Police will do whatever they can get away with. The law abiding citizens who respect cops and collaborate with them durring trials are the backbone of the police state. I let my friends, family, and neighbors who fit that category know how much I hate their guts. Libertarians should shed the yellow streak that runs down their back and use my tactic.

    1. Libertarians should shed the yellow streak that runs down their back and use my tactic.

      Um, what?

      1. I think he meant to say “snarky” streak.
        Do not discount the awesome power of snark, TELLMOFF.

      2. Hugh,read the previous sentence. Something is affecting your short-term memory.

  10. It is a stunning abuse of power that undermines trust between police and the community.

    To be fair, anybody who still trusts the police deserves to have that trust undermined.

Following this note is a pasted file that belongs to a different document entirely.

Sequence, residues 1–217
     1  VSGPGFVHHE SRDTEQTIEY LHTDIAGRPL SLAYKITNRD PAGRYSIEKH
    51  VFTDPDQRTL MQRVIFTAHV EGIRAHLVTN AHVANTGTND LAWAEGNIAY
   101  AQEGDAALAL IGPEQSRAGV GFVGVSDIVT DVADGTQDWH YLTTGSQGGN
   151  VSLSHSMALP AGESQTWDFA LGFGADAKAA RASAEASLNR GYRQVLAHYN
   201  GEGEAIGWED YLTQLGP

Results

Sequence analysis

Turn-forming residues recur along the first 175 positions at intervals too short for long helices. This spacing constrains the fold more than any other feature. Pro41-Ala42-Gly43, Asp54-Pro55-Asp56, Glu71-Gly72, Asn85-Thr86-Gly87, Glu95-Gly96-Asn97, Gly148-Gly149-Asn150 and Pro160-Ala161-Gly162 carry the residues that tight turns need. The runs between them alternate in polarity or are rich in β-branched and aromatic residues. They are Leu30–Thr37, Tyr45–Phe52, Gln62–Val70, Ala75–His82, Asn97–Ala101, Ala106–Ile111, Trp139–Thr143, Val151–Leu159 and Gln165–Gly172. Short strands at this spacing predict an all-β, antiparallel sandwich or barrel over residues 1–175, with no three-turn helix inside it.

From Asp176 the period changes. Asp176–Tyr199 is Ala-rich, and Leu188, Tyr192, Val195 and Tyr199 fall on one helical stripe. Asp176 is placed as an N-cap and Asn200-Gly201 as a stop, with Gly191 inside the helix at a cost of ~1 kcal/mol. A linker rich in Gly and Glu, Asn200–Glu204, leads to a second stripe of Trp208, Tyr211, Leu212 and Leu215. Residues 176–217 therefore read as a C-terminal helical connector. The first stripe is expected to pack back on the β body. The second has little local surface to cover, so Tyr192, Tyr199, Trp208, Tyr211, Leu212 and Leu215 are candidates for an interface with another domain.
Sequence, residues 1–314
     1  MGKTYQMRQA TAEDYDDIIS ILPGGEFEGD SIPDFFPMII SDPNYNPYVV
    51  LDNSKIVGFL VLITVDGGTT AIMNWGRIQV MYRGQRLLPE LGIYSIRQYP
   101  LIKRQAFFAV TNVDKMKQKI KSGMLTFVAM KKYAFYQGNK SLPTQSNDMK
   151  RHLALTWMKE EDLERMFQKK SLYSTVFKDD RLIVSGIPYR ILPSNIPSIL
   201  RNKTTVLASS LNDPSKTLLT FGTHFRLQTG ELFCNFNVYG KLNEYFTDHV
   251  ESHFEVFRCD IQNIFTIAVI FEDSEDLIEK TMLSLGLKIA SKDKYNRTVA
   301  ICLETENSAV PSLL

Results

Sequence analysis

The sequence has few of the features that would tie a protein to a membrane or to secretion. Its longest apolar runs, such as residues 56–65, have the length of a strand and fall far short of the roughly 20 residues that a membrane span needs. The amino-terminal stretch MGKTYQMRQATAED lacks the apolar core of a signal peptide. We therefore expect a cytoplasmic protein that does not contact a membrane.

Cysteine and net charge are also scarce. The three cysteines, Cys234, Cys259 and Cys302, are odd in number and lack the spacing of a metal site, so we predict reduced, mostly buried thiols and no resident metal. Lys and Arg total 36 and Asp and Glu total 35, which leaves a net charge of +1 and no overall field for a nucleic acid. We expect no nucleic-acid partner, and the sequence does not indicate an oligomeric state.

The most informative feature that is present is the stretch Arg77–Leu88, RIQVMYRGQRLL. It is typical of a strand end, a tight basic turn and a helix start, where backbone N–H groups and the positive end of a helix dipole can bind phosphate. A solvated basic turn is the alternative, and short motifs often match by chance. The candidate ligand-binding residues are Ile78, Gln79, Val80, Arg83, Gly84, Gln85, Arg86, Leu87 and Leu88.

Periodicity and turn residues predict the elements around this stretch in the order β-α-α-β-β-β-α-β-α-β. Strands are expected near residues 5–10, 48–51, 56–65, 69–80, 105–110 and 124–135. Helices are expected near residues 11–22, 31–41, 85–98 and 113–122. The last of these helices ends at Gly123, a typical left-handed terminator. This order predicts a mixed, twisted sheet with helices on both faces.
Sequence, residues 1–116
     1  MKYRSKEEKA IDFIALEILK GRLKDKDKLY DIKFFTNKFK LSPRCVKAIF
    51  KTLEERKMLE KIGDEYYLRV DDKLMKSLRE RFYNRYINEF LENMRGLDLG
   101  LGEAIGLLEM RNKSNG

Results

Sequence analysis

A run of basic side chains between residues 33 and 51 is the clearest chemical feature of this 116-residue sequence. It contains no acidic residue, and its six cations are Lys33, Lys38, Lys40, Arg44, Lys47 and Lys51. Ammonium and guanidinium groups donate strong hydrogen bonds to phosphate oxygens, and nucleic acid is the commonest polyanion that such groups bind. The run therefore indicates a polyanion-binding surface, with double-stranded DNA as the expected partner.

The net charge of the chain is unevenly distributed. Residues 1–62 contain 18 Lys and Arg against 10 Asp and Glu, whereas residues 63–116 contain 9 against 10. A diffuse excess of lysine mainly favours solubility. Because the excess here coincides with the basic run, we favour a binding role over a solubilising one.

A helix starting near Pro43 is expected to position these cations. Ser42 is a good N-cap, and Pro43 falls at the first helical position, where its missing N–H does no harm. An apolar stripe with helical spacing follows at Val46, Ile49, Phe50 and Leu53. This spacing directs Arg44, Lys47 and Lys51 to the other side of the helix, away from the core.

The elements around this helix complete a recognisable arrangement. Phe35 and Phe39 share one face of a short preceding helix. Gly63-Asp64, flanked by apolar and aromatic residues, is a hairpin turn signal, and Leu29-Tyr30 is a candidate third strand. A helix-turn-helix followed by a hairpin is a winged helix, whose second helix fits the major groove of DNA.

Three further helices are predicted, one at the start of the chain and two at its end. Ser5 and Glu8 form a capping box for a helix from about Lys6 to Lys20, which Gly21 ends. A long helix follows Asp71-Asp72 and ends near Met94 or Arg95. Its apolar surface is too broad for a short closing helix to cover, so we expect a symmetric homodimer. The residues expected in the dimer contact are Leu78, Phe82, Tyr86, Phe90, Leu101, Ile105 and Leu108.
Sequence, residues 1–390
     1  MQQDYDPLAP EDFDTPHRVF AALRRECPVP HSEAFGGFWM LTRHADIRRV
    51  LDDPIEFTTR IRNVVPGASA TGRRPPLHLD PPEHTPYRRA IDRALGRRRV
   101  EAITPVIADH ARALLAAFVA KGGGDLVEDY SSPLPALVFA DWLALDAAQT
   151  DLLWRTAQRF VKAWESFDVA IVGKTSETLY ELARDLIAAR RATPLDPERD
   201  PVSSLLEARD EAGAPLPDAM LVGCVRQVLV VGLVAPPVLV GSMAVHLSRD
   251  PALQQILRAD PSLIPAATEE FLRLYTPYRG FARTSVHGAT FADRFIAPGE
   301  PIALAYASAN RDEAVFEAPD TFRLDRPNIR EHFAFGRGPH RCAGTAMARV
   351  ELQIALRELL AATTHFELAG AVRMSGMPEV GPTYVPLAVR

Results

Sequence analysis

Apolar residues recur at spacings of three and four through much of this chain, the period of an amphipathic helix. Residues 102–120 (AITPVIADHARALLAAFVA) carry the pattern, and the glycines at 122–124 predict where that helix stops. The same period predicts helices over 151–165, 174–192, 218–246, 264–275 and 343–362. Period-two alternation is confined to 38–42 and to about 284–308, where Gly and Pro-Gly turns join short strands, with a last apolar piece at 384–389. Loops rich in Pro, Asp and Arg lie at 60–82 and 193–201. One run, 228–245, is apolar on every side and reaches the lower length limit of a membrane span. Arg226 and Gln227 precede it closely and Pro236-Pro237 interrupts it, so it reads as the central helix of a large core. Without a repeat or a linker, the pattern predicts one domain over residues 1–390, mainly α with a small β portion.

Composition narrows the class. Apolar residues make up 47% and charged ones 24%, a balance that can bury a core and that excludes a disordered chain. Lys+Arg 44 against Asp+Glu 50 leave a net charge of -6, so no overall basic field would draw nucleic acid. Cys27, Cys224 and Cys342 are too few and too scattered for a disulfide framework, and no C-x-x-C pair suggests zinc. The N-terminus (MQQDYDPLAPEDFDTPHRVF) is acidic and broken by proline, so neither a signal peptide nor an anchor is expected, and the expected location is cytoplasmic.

1. That, more thwn anything, gets to the heart of what is so detestable about neoconservatives, even when they pretend to be for smaller government.

  11. New York City is 23 percent non-Hispanic black

    So Hispanic blacks get their own category? How does this identity politics thing work, again?

  12. I am putting out a call for mass civil disobedience in defense of Stop & Frisk. Save Stop & Frisk from attack. This crime-stopping tool, when properly applied in high-black and high-brown areas, has brought down murder rates and kept the streets clean of people. It is now at last time for the white community to stand in solidarity with the black establishment in telling children to pull their pants up.

    http://www.youtube.com/watch?v=_S_Q4KumJNE

  13. It is hard to explain how bad the situation is, but I was stopped walking to the subway after leaving work around 830. I’m a newish i-banker, so I am not getting into a limo, but am wearing a nice suit and carrying a briefcase. And this is like right next to Times Square in a well lit nice part of Manhattan. Yet cops stopped me and demanded to know what was in the briefcase, who I worked for in the building, and if I had weapons on me. When I said no they pushed me against the wall and proceeded to frisk me. I was then sent along my way.

    I can’t imagine how a poor black kid would handle this.